44 posts categorized "Family" Feed

Dealing with the loss of loved ones. Grief hope and our mired mess of emotions

It was a Sunday. I was sweeping the living room floor. Our phone rang, and it was a landline. Eighteen years ago was the last time that I talked to my mom.

Thirty-seven days after that phone conversation, my mom passed away. Grief and Loss2

A few days after that we would bury her in the ground.

And now, every year I have that same very short time. To be reminded of my grief. Then, of course, there is the grief that comes around the holidays or when I'm cooking, or when I'm driving down the road.

I think there's a lie that we tell ourselves about grief. I think that lie is that somehow it's supposed to go away. That over time, which is supposed to heal all wounds-whatever the heck that means, will somehow make the pain go away.

I heard a song the other day that had lyrics that with something to the effect of "we tell ourselves that what we found is what we wanted." I found these lyrics to be somewhat profound. Our capacity to lie to ourselves in order to avoid pain knows very few limits.

Because there's an inherent problem with grief that surrounds death; it never goes away. I wish you could've met my mom. It doesn't matter who you are, your life would've been better for having known her.

My mom's life story was a hard one. She experienced trauma in almost every stage of life. Looking back now, with a professional degree in counseling and a decade's worth of experience, I realize that she had a lot of anxiety-driven behaviors and probably struggled with clinical depression.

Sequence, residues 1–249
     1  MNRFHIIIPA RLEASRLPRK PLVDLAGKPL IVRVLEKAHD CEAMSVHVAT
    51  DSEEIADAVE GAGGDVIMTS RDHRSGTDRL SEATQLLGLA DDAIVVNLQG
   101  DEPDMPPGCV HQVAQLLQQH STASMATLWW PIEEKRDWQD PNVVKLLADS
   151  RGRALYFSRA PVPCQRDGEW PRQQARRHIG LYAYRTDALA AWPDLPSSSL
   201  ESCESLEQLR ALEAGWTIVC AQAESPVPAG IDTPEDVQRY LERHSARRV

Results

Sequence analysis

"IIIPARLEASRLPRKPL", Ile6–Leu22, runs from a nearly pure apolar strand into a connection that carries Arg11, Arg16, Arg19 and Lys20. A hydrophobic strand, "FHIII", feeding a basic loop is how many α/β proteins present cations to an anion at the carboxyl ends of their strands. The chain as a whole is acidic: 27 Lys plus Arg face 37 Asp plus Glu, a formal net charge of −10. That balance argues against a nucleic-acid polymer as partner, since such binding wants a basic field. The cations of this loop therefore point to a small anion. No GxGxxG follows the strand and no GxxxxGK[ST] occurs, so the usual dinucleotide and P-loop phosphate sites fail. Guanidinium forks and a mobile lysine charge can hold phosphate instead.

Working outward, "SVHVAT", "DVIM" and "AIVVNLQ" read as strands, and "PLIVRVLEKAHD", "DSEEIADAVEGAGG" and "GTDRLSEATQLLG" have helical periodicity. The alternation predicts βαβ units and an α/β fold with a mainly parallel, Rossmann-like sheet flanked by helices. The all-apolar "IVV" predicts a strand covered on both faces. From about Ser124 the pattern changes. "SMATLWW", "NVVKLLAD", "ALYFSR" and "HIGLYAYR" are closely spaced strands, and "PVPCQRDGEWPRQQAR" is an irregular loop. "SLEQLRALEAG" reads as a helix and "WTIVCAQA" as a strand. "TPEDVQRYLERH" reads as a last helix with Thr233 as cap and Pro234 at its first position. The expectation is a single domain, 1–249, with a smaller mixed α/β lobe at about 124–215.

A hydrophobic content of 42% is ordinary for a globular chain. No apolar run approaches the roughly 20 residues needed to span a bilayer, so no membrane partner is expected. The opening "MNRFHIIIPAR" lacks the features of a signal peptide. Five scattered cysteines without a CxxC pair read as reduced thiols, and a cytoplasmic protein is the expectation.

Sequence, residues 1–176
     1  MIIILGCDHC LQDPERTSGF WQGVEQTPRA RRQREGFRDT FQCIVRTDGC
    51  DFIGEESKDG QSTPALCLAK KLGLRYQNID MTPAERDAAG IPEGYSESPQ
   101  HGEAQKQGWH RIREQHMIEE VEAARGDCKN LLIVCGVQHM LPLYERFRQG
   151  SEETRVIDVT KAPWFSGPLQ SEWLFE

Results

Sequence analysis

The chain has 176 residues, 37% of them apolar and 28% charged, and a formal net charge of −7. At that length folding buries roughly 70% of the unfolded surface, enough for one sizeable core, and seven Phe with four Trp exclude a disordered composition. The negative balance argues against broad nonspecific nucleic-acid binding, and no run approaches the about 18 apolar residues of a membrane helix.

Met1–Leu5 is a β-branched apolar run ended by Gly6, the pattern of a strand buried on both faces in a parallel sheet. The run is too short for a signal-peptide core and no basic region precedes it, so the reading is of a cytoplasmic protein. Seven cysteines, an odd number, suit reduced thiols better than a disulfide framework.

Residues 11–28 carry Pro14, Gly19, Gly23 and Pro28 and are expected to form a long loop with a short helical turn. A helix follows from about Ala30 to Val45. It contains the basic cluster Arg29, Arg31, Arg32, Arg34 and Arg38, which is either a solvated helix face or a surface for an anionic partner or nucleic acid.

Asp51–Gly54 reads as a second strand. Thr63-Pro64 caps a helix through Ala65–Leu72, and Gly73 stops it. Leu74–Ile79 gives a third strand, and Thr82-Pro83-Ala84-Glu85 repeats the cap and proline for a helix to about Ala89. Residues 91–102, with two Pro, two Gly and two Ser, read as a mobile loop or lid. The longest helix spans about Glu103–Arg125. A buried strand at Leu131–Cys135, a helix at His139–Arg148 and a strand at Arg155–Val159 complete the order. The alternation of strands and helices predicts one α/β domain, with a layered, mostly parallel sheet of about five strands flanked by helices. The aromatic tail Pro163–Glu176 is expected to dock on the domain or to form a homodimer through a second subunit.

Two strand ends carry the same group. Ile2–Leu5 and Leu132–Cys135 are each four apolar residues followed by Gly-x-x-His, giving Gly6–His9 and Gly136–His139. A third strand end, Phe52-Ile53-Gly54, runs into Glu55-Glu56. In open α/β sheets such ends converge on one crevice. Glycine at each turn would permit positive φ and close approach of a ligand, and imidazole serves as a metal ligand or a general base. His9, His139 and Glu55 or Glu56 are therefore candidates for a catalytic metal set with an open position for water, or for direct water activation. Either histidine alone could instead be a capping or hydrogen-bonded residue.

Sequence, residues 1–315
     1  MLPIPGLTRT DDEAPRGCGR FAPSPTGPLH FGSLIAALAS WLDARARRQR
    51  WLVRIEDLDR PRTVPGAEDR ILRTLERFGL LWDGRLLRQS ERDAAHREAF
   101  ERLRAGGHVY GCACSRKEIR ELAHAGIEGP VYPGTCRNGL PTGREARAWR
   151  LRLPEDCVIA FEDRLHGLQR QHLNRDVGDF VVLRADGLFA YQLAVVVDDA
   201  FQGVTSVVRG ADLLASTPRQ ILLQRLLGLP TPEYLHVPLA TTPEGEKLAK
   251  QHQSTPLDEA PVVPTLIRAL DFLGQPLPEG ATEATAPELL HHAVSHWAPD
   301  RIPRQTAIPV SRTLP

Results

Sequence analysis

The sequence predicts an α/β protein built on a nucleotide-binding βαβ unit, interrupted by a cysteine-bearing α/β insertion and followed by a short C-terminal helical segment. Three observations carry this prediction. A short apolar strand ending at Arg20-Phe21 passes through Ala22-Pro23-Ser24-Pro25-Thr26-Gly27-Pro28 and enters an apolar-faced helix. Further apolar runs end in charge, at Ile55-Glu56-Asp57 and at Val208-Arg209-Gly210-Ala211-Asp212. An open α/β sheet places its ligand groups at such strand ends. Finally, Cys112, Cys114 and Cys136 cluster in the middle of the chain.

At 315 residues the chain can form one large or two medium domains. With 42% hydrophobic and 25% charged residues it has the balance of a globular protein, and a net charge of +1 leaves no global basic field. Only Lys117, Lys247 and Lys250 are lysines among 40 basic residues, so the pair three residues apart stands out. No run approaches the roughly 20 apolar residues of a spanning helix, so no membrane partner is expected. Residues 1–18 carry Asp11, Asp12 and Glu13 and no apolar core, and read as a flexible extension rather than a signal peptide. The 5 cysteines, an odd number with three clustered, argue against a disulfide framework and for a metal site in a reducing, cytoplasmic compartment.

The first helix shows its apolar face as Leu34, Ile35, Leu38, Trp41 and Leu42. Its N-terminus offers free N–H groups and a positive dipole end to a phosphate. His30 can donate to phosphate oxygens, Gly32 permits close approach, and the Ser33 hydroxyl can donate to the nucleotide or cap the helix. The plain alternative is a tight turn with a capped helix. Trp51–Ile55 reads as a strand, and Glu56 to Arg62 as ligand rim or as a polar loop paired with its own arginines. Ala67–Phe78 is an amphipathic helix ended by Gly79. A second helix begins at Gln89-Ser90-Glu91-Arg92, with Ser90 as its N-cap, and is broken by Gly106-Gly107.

I have so many good memories of things that she did. She and my dad were married for almost 33 years when she passed away

And yet, I also have regrets. Things that I did that limited my time with her. If I'm really honest with you, I have no idea when the grief will come. I rarely know what will bring tears. I only know grief and tears will come.

And what happens, as many people often feel such pain and decide that they are done loving. They decide that they are done taking a risk.

Or, they decide that they can't admit the pain. They pretend that it isn't there. They feel it, but they try to cover it up with toughness or anger or work or pot or depression. The list of the things that we try to cover the pain up with is long.

But the problem with that approach is that it diminishes our humanity. It reduces our human experience. I believe that death was never supposed to be a part of our story, but it is. And when we try to avoid the pain of death we have to limit our opportunity for love.

Mom and Dad
An undated picture of my parents

When we try to avoid grief we are actually the ones that lose. I can't lie to you, there is a profound sense of grief that runs through late May and almost all of June for me. And yet I truly believe that that profound sense of grief helps me to love my wife and children better.

It helps me to love my friend Joe, who lost his 24-year-old son last summer in a deeper and fuller way. Because our emotions or a mired mess of complicatedness  (is that even a word?).

Life is a risk. I sometimes think that half of my job and helping couples who are in a bad place is to convince them to risk again with their partner that hurt them. Love is a risk. Someday, everyone I love will die, or I will die.  As uplifting of a thought as that is, it is reality.

But here's what I'm hoping for. I'm hoping that that reality will spur us to love more deeply. I'm desperately optimistic that reality will motivate us to want to work at reconciling more.